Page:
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J Biol Chem. 2013 Jun 28;288(26):19184-96. doi: 10.1074/jbc.M113.471276. Epub 2013 May 9.

Plasticity and epigenetic inheritance of centromere-specific histone H3 (CENP-A)-containing nucleosome positioning in the fission yeast.

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Department of Molecular and Human Genetics, Baylor College of Medicine, Houston, Texas 77030, USA.


Nucleosomes containing the specific histone H3 variant CENP-A mark the centromere locus on each chromatin and initiate kinetochore assembly. For the common type of regional centromeres, little is known in molecular detail of centromeric chromatin organization, its propagation through cell division, and how distinct organization patterns may facilitate kinetochore assembly. Here, we show that in the fission yeast S. pombe, a relatively small number of CENP-A/Cnp1 nucleosomes are found within the centromeric core and that their positioning relative to underlying DNA varies among genetically homogenous cells. Consistent with the flexible positioning of Cnp1 nucleosomes, a large portion of the endogenous centromere is dispensable for its essential activity in mediating chromosome segregation. We present biochemical evidence that Cnp1 occupancy directly correlates with silencing of the underlying reporter genes. Furthermore, using a newly developed pedigree analysis assay, we demonstrated the epigenetic inheritance of Cnp1 positioning and quantified the rate of occasional repositioning of Cnp1 nucleosomes throughout cell generations. Together, our results reveal the plasticity and the epigenetically inheritable nature of centromeric chromatin organization.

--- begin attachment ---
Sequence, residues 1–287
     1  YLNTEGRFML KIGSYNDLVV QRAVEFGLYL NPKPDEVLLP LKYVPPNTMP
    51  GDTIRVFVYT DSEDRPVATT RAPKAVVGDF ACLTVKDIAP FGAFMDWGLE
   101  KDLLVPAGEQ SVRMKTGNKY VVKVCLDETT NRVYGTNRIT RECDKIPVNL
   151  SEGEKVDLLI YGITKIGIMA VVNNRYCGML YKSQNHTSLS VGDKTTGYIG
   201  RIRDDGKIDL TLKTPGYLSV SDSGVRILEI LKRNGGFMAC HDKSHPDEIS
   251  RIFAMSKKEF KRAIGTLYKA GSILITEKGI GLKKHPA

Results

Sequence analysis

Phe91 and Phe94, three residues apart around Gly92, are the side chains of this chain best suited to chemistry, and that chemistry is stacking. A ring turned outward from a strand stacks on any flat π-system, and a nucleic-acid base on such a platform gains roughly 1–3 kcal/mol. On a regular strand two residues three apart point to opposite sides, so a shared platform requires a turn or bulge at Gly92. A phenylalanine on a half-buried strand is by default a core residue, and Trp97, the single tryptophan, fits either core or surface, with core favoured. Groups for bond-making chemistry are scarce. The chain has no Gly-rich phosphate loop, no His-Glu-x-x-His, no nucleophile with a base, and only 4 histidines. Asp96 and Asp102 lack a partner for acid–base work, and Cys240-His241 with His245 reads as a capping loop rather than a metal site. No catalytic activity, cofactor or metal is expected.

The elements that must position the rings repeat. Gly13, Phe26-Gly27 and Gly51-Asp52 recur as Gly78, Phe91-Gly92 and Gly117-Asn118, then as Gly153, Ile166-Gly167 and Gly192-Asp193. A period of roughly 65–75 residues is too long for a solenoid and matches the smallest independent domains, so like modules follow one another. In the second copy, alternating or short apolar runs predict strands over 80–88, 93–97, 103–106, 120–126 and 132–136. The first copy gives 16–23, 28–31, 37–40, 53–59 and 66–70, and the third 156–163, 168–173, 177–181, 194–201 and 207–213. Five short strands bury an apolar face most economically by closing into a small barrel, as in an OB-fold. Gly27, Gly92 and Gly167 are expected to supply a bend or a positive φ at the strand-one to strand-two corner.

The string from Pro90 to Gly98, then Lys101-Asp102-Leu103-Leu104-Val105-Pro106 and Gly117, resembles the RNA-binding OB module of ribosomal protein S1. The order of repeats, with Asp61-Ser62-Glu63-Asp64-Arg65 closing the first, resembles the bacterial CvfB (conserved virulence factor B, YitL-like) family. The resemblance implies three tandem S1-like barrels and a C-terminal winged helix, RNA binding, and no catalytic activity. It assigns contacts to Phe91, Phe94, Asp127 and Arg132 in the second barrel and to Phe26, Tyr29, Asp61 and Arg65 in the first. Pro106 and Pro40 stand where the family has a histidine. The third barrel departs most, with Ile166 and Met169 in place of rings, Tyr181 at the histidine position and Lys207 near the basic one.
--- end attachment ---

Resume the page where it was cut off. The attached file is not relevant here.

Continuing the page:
CENP-A Nucleosome Positioning; Centromeres; Chromatin Regulation; Chromosomes; Epigenetic Inheritance Fidelity; Genetics; Nucleosome; Plasticity

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